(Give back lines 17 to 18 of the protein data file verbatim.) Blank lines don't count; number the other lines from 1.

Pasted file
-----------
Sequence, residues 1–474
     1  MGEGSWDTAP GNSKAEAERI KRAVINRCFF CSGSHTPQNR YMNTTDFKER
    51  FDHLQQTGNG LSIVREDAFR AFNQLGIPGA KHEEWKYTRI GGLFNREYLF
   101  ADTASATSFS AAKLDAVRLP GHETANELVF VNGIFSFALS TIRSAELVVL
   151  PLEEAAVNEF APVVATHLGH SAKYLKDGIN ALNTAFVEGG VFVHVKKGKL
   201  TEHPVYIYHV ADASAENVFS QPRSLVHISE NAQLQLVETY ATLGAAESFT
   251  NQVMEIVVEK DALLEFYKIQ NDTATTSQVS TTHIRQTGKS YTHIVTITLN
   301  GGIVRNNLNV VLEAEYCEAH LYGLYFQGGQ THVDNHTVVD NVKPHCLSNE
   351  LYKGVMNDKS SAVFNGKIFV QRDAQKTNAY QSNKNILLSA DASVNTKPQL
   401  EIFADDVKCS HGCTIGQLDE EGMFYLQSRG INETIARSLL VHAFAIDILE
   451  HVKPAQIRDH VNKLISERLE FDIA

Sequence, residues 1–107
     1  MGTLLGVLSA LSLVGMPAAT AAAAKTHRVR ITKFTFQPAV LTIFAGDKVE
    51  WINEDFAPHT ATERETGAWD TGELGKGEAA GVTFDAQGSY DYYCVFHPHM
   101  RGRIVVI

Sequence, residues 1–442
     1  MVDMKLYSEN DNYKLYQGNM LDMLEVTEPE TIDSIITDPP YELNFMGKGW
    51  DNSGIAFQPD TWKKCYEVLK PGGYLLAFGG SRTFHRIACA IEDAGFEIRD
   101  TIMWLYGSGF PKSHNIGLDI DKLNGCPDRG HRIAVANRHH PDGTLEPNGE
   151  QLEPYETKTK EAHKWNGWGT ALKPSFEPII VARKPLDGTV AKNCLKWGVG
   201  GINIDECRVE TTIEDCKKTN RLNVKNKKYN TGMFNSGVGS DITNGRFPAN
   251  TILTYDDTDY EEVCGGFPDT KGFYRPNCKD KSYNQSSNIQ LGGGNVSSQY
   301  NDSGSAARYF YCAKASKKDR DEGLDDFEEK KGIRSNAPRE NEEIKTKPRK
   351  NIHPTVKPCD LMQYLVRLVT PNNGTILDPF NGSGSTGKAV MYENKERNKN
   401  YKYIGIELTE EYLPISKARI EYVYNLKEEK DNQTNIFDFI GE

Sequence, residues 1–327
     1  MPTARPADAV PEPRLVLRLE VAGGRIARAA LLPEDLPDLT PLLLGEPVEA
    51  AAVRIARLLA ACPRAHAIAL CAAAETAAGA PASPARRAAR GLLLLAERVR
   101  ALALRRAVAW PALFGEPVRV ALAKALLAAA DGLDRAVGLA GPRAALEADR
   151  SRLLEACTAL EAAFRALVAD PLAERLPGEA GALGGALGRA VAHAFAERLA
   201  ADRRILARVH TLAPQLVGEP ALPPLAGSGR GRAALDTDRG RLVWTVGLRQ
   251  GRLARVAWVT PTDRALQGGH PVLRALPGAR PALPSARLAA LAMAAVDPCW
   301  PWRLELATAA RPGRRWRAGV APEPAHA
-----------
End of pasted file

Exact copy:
     1  MVDMKLYSEN DNYKLYQGNM LDMLEVTEPE TIDSIITDPP YELNFMGKGW
    51  DNSGIAFQPD TWKKCYEVLK PGGYLLAFGG SRTFHRIACA IEDAGFEIRD